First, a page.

Encapsulation for long-term storage
In case reprocessing or intermediate storage is not the preferred option, Areva has developed an advanced method for preparing fuel rods for transportation and long-term storage that complies with the legal safety framework in place in Germany. The principle is also applicable in other countries. All defective fuel rods in a nuclear power plant, whether containing uranium or MOX pellets, can be treated using this technology.
This concept is based on placing of individual fuel rods separately in welded capsules. The capsule consists of a tube and two end plugs. After being welded together safely it avoids any fission product release over time. The capsules provide the first protective shell and ensure safe confinement of radioactive substances and at the same time adequate heat removal, as well as radiation shielding. The capsules are specially designed for dry long-term storage using specific durable corrosion-resistant material. This concept has been deployed for more than ten years for underwater storage and transportation.
The industrial process for encapsulation
The industrial encapsulation process begins with pretreatment, i.e. brushing and opening of the cladding of the defective fuel rods. The individual fuel rods are then transferred underwater into the capsules and dried inside the capsules. These operations are performed in the spent fuel pool because the water significantly reduces the radiation dose. Areva NP also provides the safety analysis and definition of the configuration to maintain confinement of the defective fuel.
Areva has developed a hot gas system for drying fuel rods. The system is pressurised with argon and heated. Heating causes the water to be vaporised and the flow of argon forces moisture to the outlet of the drying fuel zone. The moisture condenses in the cooling zone and is thus separated from the system. Argon circulation continues until a defined degree of dryness is reached. After reaching a certain level of pressure and temperature within this system, fuel can be assumed as physically dry. The fuel rod capsules are then closed and welded tightly, and the welds subsequently inspected. This newly developed process ensures both leak-tightness and a sufficiently high degree of dryness.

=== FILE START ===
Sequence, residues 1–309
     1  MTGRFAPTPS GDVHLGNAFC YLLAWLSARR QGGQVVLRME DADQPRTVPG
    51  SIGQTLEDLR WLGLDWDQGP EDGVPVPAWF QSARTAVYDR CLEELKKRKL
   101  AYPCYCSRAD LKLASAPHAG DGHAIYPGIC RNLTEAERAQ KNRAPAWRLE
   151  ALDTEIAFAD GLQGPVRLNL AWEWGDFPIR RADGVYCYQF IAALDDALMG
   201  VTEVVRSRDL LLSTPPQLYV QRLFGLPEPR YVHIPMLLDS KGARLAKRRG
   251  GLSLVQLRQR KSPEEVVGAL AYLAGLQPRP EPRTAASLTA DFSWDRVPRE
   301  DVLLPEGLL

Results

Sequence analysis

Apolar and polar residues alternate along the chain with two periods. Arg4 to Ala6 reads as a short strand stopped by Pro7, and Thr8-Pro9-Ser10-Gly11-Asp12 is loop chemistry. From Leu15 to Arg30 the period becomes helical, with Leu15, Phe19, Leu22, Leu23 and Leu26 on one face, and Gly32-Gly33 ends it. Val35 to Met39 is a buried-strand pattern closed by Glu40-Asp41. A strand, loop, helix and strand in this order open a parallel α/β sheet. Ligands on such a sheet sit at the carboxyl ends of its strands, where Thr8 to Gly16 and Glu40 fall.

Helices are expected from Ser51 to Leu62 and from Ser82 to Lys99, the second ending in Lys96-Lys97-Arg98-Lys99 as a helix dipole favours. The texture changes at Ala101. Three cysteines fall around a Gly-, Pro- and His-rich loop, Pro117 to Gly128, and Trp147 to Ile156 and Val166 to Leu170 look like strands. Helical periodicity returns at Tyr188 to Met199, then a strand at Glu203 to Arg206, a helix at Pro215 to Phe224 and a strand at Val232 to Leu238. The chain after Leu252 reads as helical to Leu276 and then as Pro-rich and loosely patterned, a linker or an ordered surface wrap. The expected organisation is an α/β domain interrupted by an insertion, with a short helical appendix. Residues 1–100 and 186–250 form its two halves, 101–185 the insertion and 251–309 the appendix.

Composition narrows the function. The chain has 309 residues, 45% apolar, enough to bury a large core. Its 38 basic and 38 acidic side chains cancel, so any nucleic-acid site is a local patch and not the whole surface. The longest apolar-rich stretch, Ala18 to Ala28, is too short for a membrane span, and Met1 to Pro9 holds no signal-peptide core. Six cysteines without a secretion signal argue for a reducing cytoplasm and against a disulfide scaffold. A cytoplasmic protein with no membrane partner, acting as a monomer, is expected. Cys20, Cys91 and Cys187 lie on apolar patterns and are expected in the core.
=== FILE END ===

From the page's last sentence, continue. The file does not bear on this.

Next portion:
Several capsules containing defective fuel rods are then assembled in a skeleton. This skeleton holds a specific number of encapsulated fuel rods shaped in a similar way to a fuel assembly. The skeletons are placed together in an Areva transport and storage cask, for example a TN24. The casks are used for the transport and interim storage of irradiated and spent fuel assemblies. They are designed to ensure that safety goals are achieved in terms of shielding, leak-tightness and integrity, ensuring subcriticality and safe decay-heat removal.
The encapsulated fuel rods are prepared for safe transportation, for dry interim storage and, if necessary, also for direct long-term storage.
The technology for encapsulating defective fuel rods is independent of the type of transport and storage cask. All licensed casks with encapsulated defective fuel rods can be used for subsequent transportation and interim dry storage.
The first use of Areva’s defective fuel management technology is taking place in Belgium, where Synatom is in charge of all nuclear fuel cycle activities for commercial nuclear power plants and Engie Electrabel is the operator of the country’s Doel and Tihange reactors. Both companies reviewed possible options for implementing dry storage solutions of defective fuel rods and selected the Areva technology. At the moment, final engineering and procurement is ongoing. The onsite activities are scheduled for end of 2017.
Today, nuclear power plant operators in Europe have at their disposal a safe process for defective fuel management. The responsible supervisory authority in France has already granted a licence for Areva’s transport and storage casks with new content. The Belgium authority has validated this transport licence as well as the storage licence. In addition, a transport licence for the Areva transport cask has already been received in Germany and France.
About the author: Kay Muenchow studied Nuclear Technology at the Technical University Zittau. Afterwards he held several positions in the fuel service and fuel design activities of Areva Group in Germany and France. Since 2013 Kay Muenchow has been project manager for fuel encapsulation.